Africa leads the world on super-trained bomb sniffer-rats
LONDON – Highly trained sniffer-rats could become the latest weapon against landmines after one was taught to smell out explosive devices.
Staff at Porfell Wildlife Park and Sanctuary near Liskeard, Cornwall, have been teaching Gambian poached rat Kofi to alert handlers when he detects a mine.
Kofi is too small to set off the booby-traps but his acute sense of smell can pick up the scent of the bomb casing.
Rats have been trained in Africa to hunt for land mines but Kofi is the first to undergo the program in Britain.
Handler Wendy Winstanley now plans to contact the Army and the police anti-terror unit to offer her rats’ services for use both home and abroad.
She said: "Kofi is amazing, his sniff ability is really incredible. People think of rats as vermin but they are highly intelligent creatures.
"They have a more heightened sense of smell than dogs and because they are so much lighter they have less chance of setting off an explosive.
"Obviously we don’t have land mines in this country but I’m so happy with his development that I would be happy to send him to the Gambia if he was required.
"In this country these rats would be excellent at sniffing out bombs. If the anti-terror police wanted me to I would interested and more than happy to train them."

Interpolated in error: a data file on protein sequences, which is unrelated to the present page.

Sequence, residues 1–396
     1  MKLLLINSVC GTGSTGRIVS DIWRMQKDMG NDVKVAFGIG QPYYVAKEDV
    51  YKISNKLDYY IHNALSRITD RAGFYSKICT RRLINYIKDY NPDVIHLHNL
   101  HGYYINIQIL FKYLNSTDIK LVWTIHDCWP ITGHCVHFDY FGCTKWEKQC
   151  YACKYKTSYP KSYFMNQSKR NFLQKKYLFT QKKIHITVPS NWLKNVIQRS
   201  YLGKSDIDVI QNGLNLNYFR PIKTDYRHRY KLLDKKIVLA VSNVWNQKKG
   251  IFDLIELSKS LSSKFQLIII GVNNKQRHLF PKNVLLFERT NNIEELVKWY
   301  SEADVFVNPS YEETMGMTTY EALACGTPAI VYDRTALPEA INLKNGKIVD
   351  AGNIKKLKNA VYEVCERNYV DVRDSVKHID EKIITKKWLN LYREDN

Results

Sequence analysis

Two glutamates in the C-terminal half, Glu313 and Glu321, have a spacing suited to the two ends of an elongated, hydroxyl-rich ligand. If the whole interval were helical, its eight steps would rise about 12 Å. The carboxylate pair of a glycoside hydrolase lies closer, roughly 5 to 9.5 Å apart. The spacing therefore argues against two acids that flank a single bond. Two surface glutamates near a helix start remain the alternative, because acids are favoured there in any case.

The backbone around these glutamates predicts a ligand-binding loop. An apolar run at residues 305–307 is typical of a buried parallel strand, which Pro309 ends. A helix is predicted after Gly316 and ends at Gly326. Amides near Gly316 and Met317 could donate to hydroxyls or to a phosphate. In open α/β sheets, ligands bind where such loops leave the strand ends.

The bomb sniffing training process begins when rats are five weeks old and are weaned from their mothers.
Trainers begin socialising the young rats to the sights, sounds, and textures of the world by walking them on wet grass, going for a ride in a lorry and interacting with humans.
Then the sniffer rats are taught to recognise the smell of metal land mine casings in return for a food reward.
Thirty sniffer rats are already being used in Mozambique, Africa, and have proved incredibly successful for the detection and removal of land mines.
The rodents are fitted to a leash before scrambling their way over a piece of ground, sniffing out any explosives.
A trained rat can clear 100 metres square in 30 minutes, equivalent to two days work for a manual de-miner.
The rats are about 75 cm long (30 inches) and weigh about 1.35 kilograms (3 lbs) which means they can scamper across a minefield without detonating the charges.